Is Law Enforcement Doing Enough To Fight Cyber Crime?

The Fight Against Cyber Crime

As of January 1, 2017, the state of California began enforcing a law which treats ransomware as a form of extortion.  Wyoming also has a similar law, and Maryland is considering adopting a law specific for the growing cyber crime, ransomware.  Prior to these laws, if a ransomware developer or distributer was arrested, the criminal justice system did not have appropriate guidance for charges and standard sentencing.  Now, in certain states they do.

This is great, it really is.  But–what about actually catching the cyber criminals?  They have to be caught to be charged and sentenced, right?  Well, what are authorities doing to catch them?  This is where there seems to be a gap.  I cannot tell you how many times I have read an article about a ransomware attack and it has stated that although local and government officials have been informed, there is little they can do.  There are two reasons for this.  First, many of these attacks originate overseas.  Second, the cyber criminals are meticulous about covering their tracks.  Barrier, yes.  Excuse, no.

So what can authorities do?

Honestly, I don’t have an answer — but there has to be something, right?  Recently, a Bulgarian man was extradited to the U.S. for allegedly distributing the ransomware, GozNym.  He is still awaiting trial.  But what about the thousands of others who are committing these crimes?  Are officials focusing on them?  Perhaps they’re looking only for “the big fish”.  But how does that impact the victims?

The concern is, if the ransomware victims feel as though law enforcement won’t do anything regarding the attack, they will choose not to report future attacks.  In a recent survey completed by over 450 Tech Talk guests, 20% stated they would not bother reporting a ransomware attack to the FBI.  Would you?

Would you report a ransomware infection to the FBI?

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Failing to report the cyber crimes is not going to help matters.  Reporting the crime will not make tracking down the cyber criminals any easier; however, it will help authorities determine the magnitude of the issue.  Although, they should be fully aware of the magnitude, considering ransomware payments hit the $1 billion mark in 2016 and ransomware attacks increased by 167% from 2015 to 2016.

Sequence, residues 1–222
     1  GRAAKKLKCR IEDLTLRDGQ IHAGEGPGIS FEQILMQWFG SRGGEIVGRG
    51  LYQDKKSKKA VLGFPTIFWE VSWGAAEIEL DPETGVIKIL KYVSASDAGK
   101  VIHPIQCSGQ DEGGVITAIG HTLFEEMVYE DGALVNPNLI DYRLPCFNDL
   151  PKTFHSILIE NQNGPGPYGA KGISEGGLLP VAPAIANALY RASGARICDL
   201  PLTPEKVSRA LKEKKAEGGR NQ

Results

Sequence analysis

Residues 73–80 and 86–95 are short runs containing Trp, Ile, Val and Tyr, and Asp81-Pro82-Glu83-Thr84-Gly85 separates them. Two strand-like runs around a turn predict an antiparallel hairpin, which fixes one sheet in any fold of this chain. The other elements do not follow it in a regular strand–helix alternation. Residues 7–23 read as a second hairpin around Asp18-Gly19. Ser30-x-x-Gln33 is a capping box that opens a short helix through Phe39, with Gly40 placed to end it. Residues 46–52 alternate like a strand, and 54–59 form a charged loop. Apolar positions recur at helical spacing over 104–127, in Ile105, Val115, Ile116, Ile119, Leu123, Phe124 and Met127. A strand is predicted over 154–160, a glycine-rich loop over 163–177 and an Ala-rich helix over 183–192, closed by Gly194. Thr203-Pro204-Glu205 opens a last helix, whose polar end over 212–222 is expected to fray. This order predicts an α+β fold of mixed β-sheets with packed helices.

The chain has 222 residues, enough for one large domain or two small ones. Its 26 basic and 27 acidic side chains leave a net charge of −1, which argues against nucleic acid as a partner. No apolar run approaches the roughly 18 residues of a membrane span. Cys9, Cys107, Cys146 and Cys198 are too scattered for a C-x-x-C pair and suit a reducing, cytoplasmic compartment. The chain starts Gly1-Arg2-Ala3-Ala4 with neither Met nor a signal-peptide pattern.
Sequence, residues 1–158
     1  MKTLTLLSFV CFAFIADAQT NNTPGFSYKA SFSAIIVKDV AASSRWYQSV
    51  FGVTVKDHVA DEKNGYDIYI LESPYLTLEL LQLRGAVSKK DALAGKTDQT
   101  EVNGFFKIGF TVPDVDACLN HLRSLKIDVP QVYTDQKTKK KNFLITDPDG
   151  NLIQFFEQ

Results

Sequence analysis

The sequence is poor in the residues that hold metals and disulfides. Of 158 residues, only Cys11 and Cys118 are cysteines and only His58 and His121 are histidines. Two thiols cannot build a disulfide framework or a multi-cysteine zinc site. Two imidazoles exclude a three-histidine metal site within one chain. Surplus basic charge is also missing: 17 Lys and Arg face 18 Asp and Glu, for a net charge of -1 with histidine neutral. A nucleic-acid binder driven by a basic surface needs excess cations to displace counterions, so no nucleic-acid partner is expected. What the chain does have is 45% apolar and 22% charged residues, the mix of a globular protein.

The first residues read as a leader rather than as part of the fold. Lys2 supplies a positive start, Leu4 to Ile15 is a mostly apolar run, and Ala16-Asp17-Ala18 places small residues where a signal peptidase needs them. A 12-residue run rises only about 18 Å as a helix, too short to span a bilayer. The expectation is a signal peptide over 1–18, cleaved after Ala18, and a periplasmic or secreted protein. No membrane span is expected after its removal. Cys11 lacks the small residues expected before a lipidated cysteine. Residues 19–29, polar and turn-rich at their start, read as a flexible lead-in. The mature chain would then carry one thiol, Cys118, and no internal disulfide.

What are your thoughts?  Are there any law enforcement authorities out there who have input on this?

 

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4 thoughts on “Is Law Enforcement Doing Enough To Fight Cyber Crime?

  1. If I had been unfortunate enough to be infected by malware/ransomware, no, I wouldn’t bother to report it. This is because I am aware the reality is that there is zero chance of tracking these individuals down. Think about it for a minute. How can they? Most malware/ransomware originates overseas and from countries where there would be next to no chance of extradition.

    The best thing to do is to protect yourself and arm yourself with the knowledge that is going to protect you from internet fraud. You are the weakest link here and you need to be aware of the weaknesses in software/web browsers and your current computing practices so that you can find ways to improve your security and make it harder for malware writers.

  2. This type of thing will continue to happen until authorities all over the world get together and do something. I have a small business and one of my overseas customer and I were a victim of a very sophisticated internet/email scam that the criminals got a total of $96K before we figured out what had happened. I contacted the Secret Service as advised by my bank, the FBI and various local authorities and my ISP. No one could/would do anything. The Secret Service and FBI both said they could do nothing and would not investigate since it involved an overseas company and overseas banks even though I am a USA company and have a USA bank. I had all kinds of bank info and email info on what had happened and the criminals even came back again a few months later and tried their scam again (in a slightly different way) and I contacted authorities again to try to catch them. Again, no help.
    That is why these criminals keep doing this type of thing because it is so profitable and no consequences. They know they will not be caught and that no one will even try.

  3. I hear about this re-engineering , when the ransom is paid follow the money and include a virus in the payment that
    wrecks their computers. In this day of internet criminals, all countries should combine and form a special force that can enter any country and arrest these criminals

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